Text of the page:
But that didn’t deter him. He then said, “I would marry you tomorrow if you were willing.”

“I would marry you tomorrow if you were willing?” THAT was COMPLETELY unexpected!

I didn’t know what to say. All I could think in that moment was, “He doesn’t realize what he is saying or how that sounds when it’s verbalized. He can’t know what he just said.” So I didn’t respond much.

Instead, waves of memories washed over me. I thought back exactly eight months to the day, to July 13, 2009, the day my divorce became final.

The day I left my life in Colorado and headed into the unknown, so broken and devastated I couldn’t even look back at what I was leaving as I drove away or think about anything that had happened to my children and I or I wasn’t sure I’d have the courage and strength to go.

The day I was sure my life, hope, and any dreams for a bright future had ended.

The day I was positive no one would ever want an “old bag” like me again.

Back to the days when I had to try so hard every minute of every day not to cry, because I was afraid if I started I might not be able to stop. (Trust me, I failed a lot more than I succeeded in that attempt!)

In the pause as I thought all of the above, Bachelor #5 added, “But no pressure. I can wait as long as it takes you to decide what you want.”

Isn’t life like that?

COMPLETELY unexpected!

“A Scout is never taken by surprise; he knows exactly what to do when anything unexpected happens.” (Robert Baden-Powell)

Too bad I’d never been a Scout. (Or even a Brownie!) Because far too often in my unexpected life I don’t know exactly what to do, or what to say.

Three Weeks Later

In my new life in Utah, I commute to work. The entire drive I am fortunate to have beautiful, jagged rocky mountains to look at. Last year, my commute was my time to have a few minutes of silence every day–I couldn’t listen to the radio because most of the songs made me cry. And at that time, not crying when I was alone was hard enough, I didn’t need any extra help! lol. In 2009, my commute was also my time to try NOT to think about what had become my life.

Three weeks into my new life in Utah, I read a story about a pioneer man who lost his wife coming across the plains. He buried her, and by that night had also lost his infant son. He walked back to his wife’s grave, dug her up and buried the baby with her, and then returned to the wagon train he was traveling with. He quit writing in his journal for awhile, but when he picked up again, he wrote only, “Still Walking.”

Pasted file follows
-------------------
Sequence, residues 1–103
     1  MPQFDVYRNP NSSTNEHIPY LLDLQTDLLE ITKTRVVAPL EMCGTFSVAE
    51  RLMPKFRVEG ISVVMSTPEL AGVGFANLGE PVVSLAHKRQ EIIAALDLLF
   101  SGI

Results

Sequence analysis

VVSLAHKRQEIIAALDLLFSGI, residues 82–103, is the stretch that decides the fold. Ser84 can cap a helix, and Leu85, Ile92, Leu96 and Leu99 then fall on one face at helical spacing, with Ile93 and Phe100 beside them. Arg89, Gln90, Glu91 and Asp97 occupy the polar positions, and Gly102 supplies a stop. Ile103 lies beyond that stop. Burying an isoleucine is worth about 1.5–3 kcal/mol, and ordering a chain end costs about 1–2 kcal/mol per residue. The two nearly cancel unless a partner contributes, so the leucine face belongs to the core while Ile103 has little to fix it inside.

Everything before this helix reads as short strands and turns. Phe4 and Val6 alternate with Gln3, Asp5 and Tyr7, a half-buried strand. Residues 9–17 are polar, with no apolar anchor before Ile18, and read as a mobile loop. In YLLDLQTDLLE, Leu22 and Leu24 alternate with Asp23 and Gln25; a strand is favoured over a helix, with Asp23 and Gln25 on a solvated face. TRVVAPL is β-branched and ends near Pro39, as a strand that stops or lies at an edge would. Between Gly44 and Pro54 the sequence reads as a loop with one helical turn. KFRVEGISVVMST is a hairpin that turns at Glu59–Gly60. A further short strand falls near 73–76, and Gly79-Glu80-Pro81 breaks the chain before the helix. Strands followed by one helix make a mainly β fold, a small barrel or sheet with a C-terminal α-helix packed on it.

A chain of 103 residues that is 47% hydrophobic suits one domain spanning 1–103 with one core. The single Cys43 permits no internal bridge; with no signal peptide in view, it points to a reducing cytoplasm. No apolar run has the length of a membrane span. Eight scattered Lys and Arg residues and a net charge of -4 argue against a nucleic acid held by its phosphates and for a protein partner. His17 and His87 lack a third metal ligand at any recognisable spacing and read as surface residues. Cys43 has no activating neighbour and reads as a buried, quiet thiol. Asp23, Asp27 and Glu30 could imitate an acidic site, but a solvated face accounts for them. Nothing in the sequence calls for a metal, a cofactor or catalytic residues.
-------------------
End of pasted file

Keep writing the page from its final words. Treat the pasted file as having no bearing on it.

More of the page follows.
That’s how I felt.

I didn’t have the time, energy, or opportunity to write about my life. I was hardly able to face what had become of my life. I wasn’t sure why it was my new life. I struggled with my new life. And because I’d been taught “if you can’t say anything nice, don’t say anything at all,” I didn’t say anything. I was so overwhelmed, I didn’t have the time to write anyway.

If I had written, I would have recorded that in the beginning of my new life as a single mother, I HATED leaving my children and going to work each day. I was filled with grief for the many things I had lost and for what my innocent children had been put through. It took all of my will to get up every day and go to work, come home, and do everything for the family.

I also had a moment or two, I admit, of thinking (while I commuted) “If this is the rest of my life, if THIS is what I have to look forward to for the next 40-60 years, I don’t think I want it.” Sometimes my optimism was…not optimism! As I drove, my mental “wallowing” was equivalent to a pig stuck in muck in the barnyard. I knew it. I didn’t want to be that, but sometimes I just couldn’t help myself. In the beginning, I couldn’t imagine ever healing, ever feeling “whole” again or ever being o.k. with any part of my life. I just felt like I had to live my new life and give the appearance that things were good and I was happy for the sake of my children.

I think, or at least I hope, that most of those feelings I wallowed in were normal. In my experience, it was part of the process of healing and overcoming. The trick, though, is to not allow yourself to get stuck in the “mental muck” for too long; to not allow yourself to wallow too deep. Because, “They say that time changes things, but you actually have to change them yourself.” (Andy Warhol)

He’s right.